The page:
PESHAWAR, Pakistan, Feb 2 (Reuters) – The suicide bomber who killed more than 100 people at a mosque in a police compound in the Pakistani city of Peshawar this week wore a police uniform and rode a motorcycle into the high-security zone , a provincial police precinct. the police chief said Thursday.
The attacker behind Monday’s attack had been identified as a member of a militant network, Moazzam Jah Ansari, police chief of Khyber Pashtunkhwa province, told reporters, without elaborating.
“I admit this was a security mistake. My men couldn’t stop him. This is my fault,” Ansari said.
The bombing was the deadliest in a decade in Peshawar, a northwestern city that has suffered decades of Islamist militant violence and is located near restive Pashtun tribal lands that border Afghanistan.
It took place as hundreds of worshipers gathered for midday prayers at a purpose-built mosque for police and their families inside the district’s high-security police lines.
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Ansari said CCTV footage showed the attacker, wearing a helmet and mask, riding his motorcycle through the main Police Lines checkpoint. Then he parked his bike, asked how to get to the mosque and walked there, Ansari added.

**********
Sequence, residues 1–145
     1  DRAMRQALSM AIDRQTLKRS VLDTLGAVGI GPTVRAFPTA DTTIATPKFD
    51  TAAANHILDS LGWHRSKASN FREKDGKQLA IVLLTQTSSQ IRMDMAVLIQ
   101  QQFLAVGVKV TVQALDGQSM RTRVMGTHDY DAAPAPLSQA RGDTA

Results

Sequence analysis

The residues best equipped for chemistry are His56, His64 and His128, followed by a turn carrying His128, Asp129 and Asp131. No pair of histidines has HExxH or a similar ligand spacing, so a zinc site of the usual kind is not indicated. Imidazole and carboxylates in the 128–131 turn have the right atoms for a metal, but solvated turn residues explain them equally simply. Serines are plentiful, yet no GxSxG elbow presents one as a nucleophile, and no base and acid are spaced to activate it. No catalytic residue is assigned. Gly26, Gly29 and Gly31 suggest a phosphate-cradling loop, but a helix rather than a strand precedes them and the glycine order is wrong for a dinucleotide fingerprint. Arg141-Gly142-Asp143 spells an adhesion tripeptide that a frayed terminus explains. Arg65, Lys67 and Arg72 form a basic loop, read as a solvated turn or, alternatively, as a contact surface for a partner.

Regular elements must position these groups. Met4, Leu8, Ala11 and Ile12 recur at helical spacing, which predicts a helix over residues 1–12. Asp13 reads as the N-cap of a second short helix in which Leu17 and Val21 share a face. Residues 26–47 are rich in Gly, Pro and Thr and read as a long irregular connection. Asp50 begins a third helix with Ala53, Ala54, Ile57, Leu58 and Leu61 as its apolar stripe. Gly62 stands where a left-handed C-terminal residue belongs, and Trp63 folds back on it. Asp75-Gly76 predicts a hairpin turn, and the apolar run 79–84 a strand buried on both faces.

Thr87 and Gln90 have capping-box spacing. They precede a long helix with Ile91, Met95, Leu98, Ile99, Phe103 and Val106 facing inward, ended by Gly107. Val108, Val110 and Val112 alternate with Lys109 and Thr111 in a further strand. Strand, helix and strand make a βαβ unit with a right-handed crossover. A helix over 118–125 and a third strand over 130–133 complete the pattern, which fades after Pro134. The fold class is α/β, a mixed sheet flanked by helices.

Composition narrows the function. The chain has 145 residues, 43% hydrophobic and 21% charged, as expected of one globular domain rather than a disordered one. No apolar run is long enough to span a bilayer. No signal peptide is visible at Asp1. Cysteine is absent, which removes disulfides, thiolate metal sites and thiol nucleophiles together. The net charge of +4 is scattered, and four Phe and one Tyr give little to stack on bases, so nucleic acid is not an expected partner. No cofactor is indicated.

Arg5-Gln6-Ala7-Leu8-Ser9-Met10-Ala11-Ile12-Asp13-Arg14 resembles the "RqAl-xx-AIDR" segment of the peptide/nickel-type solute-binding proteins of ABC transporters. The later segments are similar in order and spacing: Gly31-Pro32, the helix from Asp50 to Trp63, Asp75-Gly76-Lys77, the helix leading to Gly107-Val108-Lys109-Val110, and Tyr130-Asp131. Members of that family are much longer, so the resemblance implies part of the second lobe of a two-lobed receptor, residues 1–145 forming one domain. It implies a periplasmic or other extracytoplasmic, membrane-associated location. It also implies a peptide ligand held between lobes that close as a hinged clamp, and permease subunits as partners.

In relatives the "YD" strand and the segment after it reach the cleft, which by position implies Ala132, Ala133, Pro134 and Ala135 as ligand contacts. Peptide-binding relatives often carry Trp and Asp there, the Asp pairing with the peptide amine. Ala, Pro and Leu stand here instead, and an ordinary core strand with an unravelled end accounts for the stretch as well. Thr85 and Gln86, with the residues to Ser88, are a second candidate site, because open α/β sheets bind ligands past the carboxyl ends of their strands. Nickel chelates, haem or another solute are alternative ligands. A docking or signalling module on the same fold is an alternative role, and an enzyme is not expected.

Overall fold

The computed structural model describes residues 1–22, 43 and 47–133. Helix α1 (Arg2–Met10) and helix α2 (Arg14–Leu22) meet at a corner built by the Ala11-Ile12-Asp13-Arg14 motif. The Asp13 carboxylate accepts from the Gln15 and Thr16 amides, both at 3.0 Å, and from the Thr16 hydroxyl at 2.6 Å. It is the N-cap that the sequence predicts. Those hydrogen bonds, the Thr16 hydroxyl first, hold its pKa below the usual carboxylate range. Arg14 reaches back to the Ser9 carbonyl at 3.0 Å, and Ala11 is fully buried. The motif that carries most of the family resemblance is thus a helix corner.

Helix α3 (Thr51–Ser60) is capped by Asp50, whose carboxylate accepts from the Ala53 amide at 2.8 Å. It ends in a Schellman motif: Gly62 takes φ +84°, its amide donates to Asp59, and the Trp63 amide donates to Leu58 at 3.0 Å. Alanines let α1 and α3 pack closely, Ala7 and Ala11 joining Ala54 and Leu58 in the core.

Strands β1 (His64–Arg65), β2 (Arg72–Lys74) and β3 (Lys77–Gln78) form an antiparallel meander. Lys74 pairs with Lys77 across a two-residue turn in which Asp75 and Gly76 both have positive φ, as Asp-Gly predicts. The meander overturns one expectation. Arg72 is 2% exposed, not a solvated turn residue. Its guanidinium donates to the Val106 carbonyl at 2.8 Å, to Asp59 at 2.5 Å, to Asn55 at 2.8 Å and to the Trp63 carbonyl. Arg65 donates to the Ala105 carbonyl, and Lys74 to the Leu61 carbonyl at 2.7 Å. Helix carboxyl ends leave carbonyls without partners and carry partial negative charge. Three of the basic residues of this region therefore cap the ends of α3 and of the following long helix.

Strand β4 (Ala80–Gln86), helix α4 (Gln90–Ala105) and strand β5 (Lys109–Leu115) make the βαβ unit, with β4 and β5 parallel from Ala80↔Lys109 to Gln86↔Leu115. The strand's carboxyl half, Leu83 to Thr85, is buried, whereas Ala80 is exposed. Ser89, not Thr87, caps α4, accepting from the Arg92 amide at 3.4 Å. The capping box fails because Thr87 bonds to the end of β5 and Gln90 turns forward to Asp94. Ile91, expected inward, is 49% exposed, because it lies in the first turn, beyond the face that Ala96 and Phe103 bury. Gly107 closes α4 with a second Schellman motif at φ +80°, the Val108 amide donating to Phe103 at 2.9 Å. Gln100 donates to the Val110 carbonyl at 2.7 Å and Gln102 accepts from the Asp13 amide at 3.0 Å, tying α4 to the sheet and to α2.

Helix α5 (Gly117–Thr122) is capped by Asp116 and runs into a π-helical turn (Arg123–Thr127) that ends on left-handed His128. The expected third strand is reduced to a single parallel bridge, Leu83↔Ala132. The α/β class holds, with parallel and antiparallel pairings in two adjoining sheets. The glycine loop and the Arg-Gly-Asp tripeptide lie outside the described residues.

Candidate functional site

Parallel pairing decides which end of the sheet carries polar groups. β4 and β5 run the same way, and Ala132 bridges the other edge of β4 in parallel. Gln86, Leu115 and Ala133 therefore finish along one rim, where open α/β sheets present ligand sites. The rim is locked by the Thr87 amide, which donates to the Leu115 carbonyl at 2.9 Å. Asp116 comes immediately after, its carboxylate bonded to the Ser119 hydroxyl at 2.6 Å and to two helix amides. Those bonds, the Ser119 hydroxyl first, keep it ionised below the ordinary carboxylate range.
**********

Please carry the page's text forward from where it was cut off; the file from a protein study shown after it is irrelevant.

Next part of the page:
“The police guards at the main entrance thought he was a member of the force; they didn’t check him,” Ansari said.
A day earlier, the police chief said investigators were not ruling out that the attacker may have had “inside assistance.” Several suspects were in police custody, he said.
All but three of the dead were policemen, making it the worst attack on Pakistani security forces in recent history.
Police Lines is a colonial-era self-contained camp housing low- and mid-range police personnel and their families in the province capital. Hundreds of police officers organized demonstrations across the province to protest the attack.
The most active militant group in the area, the Pakistani Talibanalso called Tehreek-e-Taliban Pakistan (TTP), has recently increased attacks on police in the north-western province as part of its campaign against the Islamabad government.
The TTP has denied responsibility for the attack on the mosque.
Pakistani officials say they suspect a breakaway TTP faction called Jamat-ul-Ahrar was involved.
Jamat-ul-Ahrar has claimed responsibility for several major bombings in the region over the years, including the twin suicide bombings at All Saints Church that killed dozens of worshipers in September 2013, in what it remains the deadliest attack against the country’s Christian minority.
Reporting by Jibran Ahmad in Peshawar and Asif Shahzad in Islamabad; Written by Miral Fahmy; edited by
Our standards: The Thomson Reuters Trust Principles.
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